Additionally, core values training addresses the nuances of policing privacy and the challenges confronting street-level officers—and their supervisors—in today’s technologically savvy world of cellphones, iPads, and laptops. This training educates officers in their agency’s mission statements and spells out the goals of the agency, the unit, or the precinct and can be referred to as a measuring stick for goal attainment or the lack thereof. The ethical issues officers face today are endless. From questionable searches, seizures, and arrests to racial profiling, excessive force, infliction of emotional distress, a failure to protect, false imprisonment, and due process violations, to list a few causes of action, policing is rife with street-level ethical dilemmas.6
Is there any doubt a “cop’s cop” must be a supervisor with well-defined core values and a habitual implementation of those values?
Police ethics training is not about “teaching morality,” it is about discussing, recognizing, and problem solving in regard to the serious ethical dilemmas associated with the job.7 Educating in the contemplative duty all sworn members have when confronted with a set of facts that may have a negative ripple effect on their careers, their organization and the image of the profession itself is paramount. This is not solely about “coffee shop ethics” of the past, rather it is about recognizing the more advanced ethical challenges in policing today.
These newer challenges are associated with technological advances; a more astute, informed, and demanding public; and potential liability issues. Despite the fact that most police investigative work is conducted in the seclusion of the streets and back alleys and through infiltration operations—all outside of the purview of first line supervisors, the public, and the media—officers do not work in a vacuum. If anything was learned from the tragedy of the Rodney King incident, it is that someone, somewhere is always watching, even colleagues whose sworn duty is to report alleged misconduct. In the alternative, as a deterrent, officers should always respect the nobility of the profession. Ethical Defensibility training reinforces the whistleblowing demands of the job and forces sworn personnel to repeatedly get in the habit of holding themselves up to the highest standards of the profession.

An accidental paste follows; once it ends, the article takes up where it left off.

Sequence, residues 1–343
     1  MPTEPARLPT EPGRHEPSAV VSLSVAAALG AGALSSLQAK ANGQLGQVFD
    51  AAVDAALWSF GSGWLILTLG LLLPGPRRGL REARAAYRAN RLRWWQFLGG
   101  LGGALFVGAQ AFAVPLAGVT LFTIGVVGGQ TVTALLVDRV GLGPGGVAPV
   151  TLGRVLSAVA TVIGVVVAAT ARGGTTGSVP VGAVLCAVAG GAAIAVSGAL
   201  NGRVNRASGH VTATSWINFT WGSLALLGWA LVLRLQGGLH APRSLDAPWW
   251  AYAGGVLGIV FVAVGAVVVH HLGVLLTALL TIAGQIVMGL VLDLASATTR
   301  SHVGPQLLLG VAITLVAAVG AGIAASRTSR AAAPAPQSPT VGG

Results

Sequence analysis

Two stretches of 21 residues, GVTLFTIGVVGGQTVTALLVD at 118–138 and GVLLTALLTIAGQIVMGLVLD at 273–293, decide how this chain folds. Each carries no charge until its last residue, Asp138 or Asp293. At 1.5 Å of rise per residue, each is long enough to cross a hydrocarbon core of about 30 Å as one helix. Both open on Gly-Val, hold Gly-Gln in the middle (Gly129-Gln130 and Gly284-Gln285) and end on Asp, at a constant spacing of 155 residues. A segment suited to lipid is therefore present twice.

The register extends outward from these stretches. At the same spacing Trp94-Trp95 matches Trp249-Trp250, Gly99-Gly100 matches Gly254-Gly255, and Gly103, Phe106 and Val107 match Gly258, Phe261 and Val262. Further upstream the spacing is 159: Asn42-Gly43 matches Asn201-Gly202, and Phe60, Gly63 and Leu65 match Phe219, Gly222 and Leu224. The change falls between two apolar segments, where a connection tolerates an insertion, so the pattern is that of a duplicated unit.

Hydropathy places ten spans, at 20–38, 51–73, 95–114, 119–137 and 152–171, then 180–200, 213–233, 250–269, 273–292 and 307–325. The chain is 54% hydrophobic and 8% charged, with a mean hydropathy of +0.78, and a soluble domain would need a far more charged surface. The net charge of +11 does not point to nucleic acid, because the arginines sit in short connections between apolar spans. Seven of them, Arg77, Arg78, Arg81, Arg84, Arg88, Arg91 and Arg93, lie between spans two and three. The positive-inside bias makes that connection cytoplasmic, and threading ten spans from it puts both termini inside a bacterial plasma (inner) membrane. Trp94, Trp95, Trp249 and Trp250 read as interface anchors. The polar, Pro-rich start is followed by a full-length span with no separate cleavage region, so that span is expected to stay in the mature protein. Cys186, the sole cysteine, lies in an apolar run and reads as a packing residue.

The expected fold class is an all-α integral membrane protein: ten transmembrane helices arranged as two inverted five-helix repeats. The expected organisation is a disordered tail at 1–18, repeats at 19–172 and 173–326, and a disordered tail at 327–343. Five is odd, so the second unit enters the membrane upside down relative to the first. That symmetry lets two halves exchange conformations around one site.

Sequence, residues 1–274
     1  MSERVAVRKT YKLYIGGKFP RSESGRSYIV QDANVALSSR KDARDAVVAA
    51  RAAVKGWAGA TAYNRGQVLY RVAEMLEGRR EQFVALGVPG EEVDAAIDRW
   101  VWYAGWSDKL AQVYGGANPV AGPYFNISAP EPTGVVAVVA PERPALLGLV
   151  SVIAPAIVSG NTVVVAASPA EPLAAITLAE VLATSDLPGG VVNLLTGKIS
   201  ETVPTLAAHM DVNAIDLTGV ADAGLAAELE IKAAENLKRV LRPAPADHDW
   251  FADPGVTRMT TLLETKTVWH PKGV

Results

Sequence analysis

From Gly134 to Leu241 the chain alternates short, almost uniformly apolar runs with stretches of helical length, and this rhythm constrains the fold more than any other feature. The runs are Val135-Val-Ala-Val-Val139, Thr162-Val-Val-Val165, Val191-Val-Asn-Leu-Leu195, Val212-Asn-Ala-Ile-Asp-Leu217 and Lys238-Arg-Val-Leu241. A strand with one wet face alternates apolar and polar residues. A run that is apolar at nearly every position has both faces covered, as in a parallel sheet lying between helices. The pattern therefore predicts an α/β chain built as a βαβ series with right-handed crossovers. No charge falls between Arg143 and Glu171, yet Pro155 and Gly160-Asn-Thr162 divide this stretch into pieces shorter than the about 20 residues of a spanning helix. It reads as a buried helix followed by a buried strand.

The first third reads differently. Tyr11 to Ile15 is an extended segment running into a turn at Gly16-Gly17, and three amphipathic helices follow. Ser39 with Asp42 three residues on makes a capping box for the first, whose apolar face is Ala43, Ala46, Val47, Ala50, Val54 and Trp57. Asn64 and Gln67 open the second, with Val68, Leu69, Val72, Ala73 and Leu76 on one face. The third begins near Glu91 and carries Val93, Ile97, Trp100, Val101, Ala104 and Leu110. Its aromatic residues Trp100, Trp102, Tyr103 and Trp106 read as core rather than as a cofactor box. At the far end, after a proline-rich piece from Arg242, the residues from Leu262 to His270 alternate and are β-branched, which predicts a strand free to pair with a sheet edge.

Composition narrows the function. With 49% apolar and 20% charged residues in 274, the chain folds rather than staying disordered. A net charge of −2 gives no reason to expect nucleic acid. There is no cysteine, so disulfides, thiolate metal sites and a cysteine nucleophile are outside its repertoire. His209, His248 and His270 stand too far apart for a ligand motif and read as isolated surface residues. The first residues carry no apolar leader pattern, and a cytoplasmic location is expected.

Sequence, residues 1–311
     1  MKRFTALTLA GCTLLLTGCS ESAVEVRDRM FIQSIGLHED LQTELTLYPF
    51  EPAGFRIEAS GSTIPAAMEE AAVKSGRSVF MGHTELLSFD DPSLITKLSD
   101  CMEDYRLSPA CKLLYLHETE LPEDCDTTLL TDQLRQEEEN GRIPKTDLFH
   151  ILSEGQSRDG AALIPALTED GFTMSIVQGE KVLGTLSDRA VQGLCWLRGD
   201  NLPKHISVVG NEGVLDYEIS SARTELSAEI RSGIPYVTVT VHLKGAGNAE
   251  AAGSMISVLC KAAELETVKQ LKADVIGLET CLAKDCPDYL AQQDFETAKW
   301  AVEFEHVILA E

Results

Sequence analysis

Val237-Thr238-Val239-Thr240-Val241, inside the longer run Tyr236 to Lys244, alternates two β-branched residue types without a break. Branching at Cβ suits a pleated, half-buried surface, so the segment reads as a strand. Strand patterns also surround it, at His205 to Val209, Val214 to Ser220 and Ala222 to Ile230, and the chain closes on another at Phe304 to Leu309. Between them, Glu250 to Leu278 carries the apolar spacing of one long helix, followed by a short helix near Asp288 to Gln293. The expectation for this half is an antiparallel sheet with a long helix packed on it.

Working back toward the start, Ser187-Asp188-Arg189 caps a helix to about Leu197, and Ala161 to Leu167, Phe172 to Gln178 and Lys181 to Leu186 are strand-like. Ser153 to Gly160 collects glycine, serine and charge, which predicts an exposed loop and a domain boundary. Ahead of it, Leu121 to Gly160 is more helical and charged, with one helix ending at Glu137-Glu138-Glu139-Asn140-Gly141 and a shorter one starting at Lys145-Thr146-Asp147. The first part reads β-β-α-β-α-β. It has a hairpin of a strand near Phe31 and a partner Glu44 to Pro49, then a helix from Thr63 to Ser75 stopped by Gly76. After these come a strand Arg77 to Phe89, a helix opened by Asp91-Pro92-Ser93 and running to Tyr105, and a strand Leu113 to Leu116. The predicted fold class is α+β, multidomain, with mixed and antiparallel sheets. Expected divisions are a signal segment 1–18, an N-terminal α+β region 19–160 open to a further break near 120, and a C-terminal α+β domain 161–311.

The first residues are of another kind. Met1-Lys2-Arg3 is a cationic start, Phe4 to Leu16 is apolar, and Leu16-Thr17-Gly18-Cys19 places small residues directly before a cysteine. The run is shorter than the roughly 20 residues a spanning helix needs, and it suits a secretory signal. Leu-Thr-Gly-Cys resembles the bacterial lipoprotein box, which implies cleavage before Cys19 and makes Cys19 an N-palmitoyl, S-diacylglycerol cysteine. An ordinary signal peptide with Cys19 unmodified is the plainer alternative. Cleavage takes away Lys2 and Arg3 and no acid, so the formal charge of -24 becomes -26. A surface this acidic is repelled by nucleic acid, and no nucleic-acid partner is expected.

Public servants, and specifically the police, do not have a choice to act ethically; it is a mandatory part of the job description. It is a de facto standard of the profession, in that, plaintiff’s attorneys will use poor training and policy non-compliance arguments as the foundations for their lawsuits for constitutional rights violations. The Bill of Rights limits the governmental authority the police have. The contemplative analysis instilled through Ethical Defensibility training empowers officers to comprehensively evaluate the “bigger picture” in all of their decision-making endeavors. When so many other agencies around the United States mandate core values training in their yearly curriculums, a conscious decision not to provide such training clearly can be argued to be organizational negligence. The costs of not engaging in ethics training far outweigh the costs to provide it.
From a risk management liability argument, training in ethical policing choices and defining your agency’s core values is a template for a successful defense in a civil court of law or labor law hearings. Unlike the law, wherein criminal procedures and case law continue to evolve as society’s needs and wants evolve, the philosophical tenets of policing have generally remained the same for decades. Continuity, stability, and uniformity are key components in facilitating police core values training, and the concept of Ethical Defensibility provides that foundation.